Pleione Orchid: Easy and Reliable

The wind may still be bitingly cold, but the arrival of spring is now within touching distance. Snowdrops, Witch-Hazel, and Cyclamen are popping up everywhere in the Gardens, and what a welcome sight they are too!

Snowdrops (Galanthus nivalis) springing up on the North Lawn at Aberglasney

Indoors, the Ninfarium is looking great with its wonderful display of orchids and other almost-hardy treasures. Although it’s generally only kept frost-free to about 5 degrees, we’re still able to grow a wealth of plants such as Rex Begonia, Streptocarpus and many temperate orchids.

One of the most important things to remember with orchids is their two different types: Epiphytic grow on trees and rocks, and terrestrial grow in soil. An example of epyphytic orchids are Cymbidium; I wrote a blog post about these a few weeks ago that can be read here. Terrestrial orchids are very easy to grow and are cold hardy or half-hardy. One type that deserves a mention is Pleione which is native to the Himalayas.

Pleione hybrid orchid

It’s an orchid that’s been grown outside at Aberglasney for years but has finally disappeared over the last few cold winters. It’s not completely hardy so only the mildest and luckiest gardens will be able to grow it successfully outdoors. That said, it’s done fantastically well in the Ninfarium, almost doubling in size and flowering its socks off! Each pseudobulb (false bulb) has produced up to five flowers each.

Close up of a Pleione hybrid orchid flower

There’s 250 different types of Pleione’s available for sale in the UK, so there’s plenty of choice around. A great way to grow them is as a conservatory or cool greenhouse plant. In the spring, flowers will shoot up very quickly before their leaves emerge which, in my opinion, makes them even more spectacular but they’ll need to be watered more heavily during this period. They need very little care in the summer, if they’re kept watered and shaded, they’ll tick over fine. In the winter they can be kept drier whilst they lose their leaves.

Pleione hybrid orchid in flower
Pleione hybrid orchid in the Piggeries Glasshouse

We’ve never used rainwater for our Pleione orchids at Aberglasney and they’ve done just fine without. Not having to use rainwater poses a real advantage as it really reduces the amount of work involved in orchid care. It’s certainly not the case for many other species, but our experience so far has shown Pleione’s to be more tolerant than other types of orchid.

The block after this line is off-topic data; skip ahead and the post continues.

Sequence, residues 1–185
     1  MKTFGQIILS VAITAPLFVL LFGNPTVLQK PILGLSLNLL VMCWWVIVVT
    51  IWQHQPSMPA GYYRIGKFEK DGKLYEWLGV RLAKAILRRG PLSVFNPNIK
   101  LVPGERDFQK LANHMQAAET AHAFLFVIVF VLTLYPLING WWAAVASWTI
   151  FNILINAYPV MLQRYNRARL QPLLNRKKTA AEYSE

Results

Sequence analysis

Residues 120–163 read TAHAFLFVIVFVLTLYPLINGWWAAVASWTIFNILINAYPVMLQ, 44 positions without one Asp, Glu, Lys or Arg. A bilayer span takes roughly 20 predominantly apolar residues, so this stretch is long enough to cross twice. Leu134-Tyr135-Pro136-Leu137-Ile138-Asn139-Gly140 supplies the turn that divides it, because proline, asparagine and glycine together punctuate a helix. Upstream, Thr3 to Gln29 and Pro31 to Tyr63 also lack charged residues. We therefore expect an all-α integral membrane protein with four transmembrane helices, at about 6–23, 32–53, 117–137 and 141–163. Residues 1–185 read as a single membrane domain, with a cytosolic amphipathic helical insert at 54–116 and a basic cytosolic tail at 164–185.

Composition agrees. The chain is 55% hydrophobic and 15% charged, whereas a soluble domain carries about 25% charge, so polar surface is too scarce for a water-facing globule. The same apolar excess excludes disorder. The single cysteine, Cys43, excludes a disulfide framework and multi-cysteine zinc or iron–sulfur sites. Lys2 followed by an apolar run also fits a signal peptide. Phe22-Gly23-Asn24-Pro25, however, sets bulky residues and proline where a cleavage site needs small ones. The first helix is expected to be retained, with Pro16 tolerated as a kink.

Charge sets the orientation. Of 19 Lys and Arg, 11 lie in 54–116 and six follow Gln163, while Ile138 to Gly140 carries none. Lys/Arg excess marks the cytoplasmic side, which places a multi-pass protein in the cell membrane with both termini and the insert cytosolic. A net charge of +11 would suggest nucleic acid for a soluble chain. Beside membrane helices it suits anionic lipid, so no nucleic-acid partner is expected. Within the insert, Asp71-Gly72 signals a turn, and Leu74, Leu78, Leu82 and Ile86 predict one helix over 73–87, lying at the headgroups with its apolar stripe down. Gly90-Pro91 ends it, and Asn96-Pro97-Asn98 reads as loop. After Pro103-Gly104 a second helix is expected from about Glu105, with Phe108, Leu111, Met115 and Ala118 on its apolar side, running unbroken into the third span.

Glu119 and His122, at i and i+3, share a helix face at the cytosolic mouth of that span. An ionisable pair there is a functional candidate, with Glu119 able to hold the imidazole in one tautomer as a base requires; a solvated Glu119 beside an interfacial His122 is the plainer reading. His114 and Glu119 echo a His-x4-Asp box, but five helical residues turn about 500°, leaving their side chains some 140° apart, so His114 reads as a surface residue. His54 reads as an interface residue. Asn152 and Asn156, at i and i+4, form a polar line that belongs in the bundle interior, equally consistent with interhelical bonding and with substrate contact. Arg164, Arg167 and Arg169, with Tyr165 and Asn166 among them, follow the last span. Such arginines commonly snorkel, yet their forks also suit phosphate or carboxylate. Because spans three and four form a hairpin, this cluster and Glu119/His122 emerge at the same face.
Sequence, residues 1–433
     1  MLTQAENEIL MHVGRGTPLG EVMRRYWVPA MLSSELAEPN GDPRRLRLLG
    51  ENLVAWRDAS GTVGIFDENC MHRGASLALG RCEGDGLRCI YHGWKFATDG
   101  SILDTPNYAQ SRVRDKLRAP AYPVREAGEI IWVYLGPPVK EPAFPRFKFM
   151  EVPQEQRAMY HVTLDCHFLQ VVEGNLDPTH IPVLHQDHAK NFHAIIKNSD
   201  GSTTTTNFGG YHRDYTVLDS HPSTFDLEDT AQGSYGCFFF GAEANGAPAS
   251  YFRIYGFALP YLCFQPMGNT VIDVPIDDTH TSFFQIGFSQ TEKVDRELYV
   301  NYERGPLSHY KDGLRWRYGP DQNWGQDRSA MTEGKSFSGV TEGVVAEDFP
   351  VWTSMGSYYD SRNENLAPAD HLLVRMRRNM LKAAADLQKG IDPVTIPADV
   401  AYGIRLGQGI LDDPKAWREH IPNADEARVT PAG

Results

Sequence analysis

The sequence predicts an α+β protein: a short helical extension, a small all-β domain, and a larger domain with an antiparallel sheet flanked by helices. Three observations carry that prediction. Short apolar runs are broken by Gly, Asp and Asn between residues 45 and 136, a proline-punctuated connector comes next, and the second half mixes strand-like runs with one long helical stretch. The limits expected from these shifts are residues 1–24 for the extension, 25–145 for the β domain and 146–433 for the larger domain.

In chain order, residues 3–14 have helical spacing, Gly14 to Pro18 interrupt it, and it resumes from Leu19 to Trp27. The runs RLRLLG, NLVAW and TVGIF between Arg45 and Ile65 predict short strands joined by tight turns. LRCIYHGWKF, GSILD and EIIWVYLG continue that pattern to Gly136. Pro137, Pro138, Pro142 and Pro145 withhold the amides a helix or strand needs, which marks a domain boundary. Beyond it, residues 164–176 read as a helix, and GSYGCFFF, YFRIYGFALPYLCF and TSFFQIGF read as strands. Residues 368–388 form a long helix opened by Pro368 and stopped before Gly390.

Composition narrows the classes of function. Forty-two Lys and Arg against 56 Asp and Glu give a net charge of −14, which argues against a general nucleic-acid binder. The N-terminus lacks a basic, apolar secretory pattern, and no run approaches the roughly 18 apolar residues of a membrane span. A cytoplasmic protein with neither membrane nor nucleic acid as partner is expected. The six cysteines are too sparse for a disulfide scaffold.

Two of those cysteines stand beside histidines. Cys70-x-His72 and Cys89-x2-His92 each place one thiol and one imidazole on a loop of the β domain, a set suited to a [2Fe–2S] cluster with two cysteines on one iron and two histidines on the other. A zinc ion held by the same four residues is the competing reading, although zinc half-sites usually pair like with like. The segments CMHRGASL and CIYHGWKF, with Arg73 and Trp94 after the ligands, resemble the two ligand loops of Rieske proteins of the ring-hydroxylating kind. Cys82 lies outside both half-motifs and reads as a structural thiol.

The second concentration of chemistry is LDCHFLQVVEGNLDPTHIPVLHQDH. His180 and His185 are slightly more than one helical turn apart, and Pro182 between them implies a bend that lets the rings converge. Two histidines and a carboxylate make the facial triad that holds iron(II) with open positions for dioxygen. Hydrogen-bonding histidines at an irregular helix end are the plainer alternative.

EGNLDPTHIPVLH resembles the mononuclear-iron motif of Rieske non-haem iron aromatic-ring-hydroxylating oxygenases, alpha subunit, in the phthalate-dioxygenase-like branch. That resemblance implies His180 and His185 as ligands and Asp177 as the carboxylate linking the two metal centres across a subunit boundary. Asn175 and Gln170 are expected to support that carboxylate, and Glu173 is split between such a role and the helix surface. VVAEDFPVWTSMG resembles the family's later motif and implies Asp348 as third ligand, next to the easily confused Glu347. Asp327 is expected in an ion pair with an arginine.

A small pot of of them will last for five or six years and can be split and started again which makes them fairly good value for money. Being less expensive than other varieties also makes growing them a little less nerve-racking which is a bonus…

Close up of a Pleione hybrid orchid flowering in the Piggeries Glasshouse

Pleione formosana is probably the most common and maybe the easiest to grow, but many hybrids are now becoming much more readily available. These hybrids come in a wide range of colours and are often bigger, more robust plants.

Pleione ‘Formosana’ in the Ninfarium

Pleione ‘Tongariro’ is a new hybrid that we’re trying this year, if it goes well then expect to see many more of them in the Ninfarium in years to come. We’ll also try bedding them out as tender perennials in the garden when we have enough stock.

Pleione ‘Tongariro’ orchid

The best place to buy Pleione orchids is from specialist growers. They can be found in the RHS plant finder and will be able to supply you with all the growing advice you could possibly need.

Tips for the Week:

  1. Take a look at Pleione orchids in catalogues and on the internet
  2. Sow sweet peas and other summer annuals that need pots
  3. Plant asparagus and rhubarb – don’t forget to fleece them if the weather turns colder
  4. Sow carrots, onions and other early vegetables
  5. Make sure there’s fleece on your early crops if needed
  6. Plant summer flowering bulbs
  7. Plant raspberry canes
  8. Clean out your glasshouse and clean your glass on both sides
  9. Hard prune summer flowering Clematis
  10. Start forcing rhubarb